HIGH QUALITY PORTLAND CEMENT has been manufactured at our plant site since 1897. This site was originally selected as an ideal location for a cement plant because of its vast limestone reserves, abundance of coal, which is a primary source of fuel, and access to the Rock Island and Illinois Central railways – which provided efficient access to Chicago and much of the Midwest.
The first company to produce Portland cement at this site was German-American Portland Cement Works, a subsidiary of Portland Cementfabrik of Hamburg, Germany. Their product was sold under the brand name of “Owl Cement”.
When the United States entered WWI in April 1917, the German-American Portland Cement Works was taken over by the U.S. Alien Property Custodian. Production continued however, but under the name of LaSalle Portland Cement Company.
In 1919 the plant was purchased by a syndicate and then sold to Alpha Portland Cement Company of Easton, Philadelphia in 1920. Alpha Portland Cement Company operated the facility for 50 years, maintaining an average annual workforce of over 160 men. Over those years, Alpha produced cement for such world famous projects as the Merchandise Mart and the Shedd Aquarium in Chicago.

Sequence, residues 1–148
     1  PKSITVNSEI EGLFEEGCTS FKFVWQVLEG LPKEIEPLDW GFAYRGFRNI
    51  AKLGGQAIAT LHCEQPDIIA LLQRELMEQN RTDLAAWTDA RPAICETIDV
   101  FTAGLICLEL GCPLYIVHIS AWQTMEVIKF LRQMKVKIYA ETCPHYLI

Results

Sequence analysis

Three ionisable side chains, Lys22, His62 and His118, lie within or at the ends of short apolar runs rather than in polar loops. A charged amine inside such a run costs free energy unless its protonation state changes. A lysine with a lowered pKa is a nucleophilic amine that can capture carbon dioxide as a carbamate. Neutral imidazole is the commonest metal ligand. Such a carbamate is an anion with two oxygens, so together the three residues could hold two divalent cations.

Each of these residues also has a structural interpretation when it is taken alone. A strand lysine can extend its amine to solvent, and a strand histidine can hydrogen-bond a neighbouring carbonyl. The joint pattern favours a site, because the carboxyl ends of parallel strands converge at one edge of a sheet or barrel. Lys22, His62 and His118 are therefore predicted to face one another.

On July 2, 1970 Alpha Cement management announced that they were to begin the process of shutting down production and permanently ceasing all operations at this facility. Step by step, starting first with the quarry, then the kiln, grinding mills, and eventually shipping, all phases of Portland cement production were permanently shut down. By fall, Alpha Cement had shipped its last load of cement and officially closed the plant in November 1970.
In 1972 a joint venture between Centex Corporation and the Pritzker family of Chicago was formed and this new partnership purchased the Alpha Portland Cement Company plant and reserves that year. In 1973-1974 the partnership, now known as Illinois Cement Company, built a new 1,125ton/day production plant. The plant conversion included a modern, state-of-the-art “dry process” system, which included a 200-foot preheat tower. The energy efficiency and environmental performance of “dry process” manufacturing technology was far superior to the older, “wet process” of cement manufacturing that is still being utilized in the U.S. today.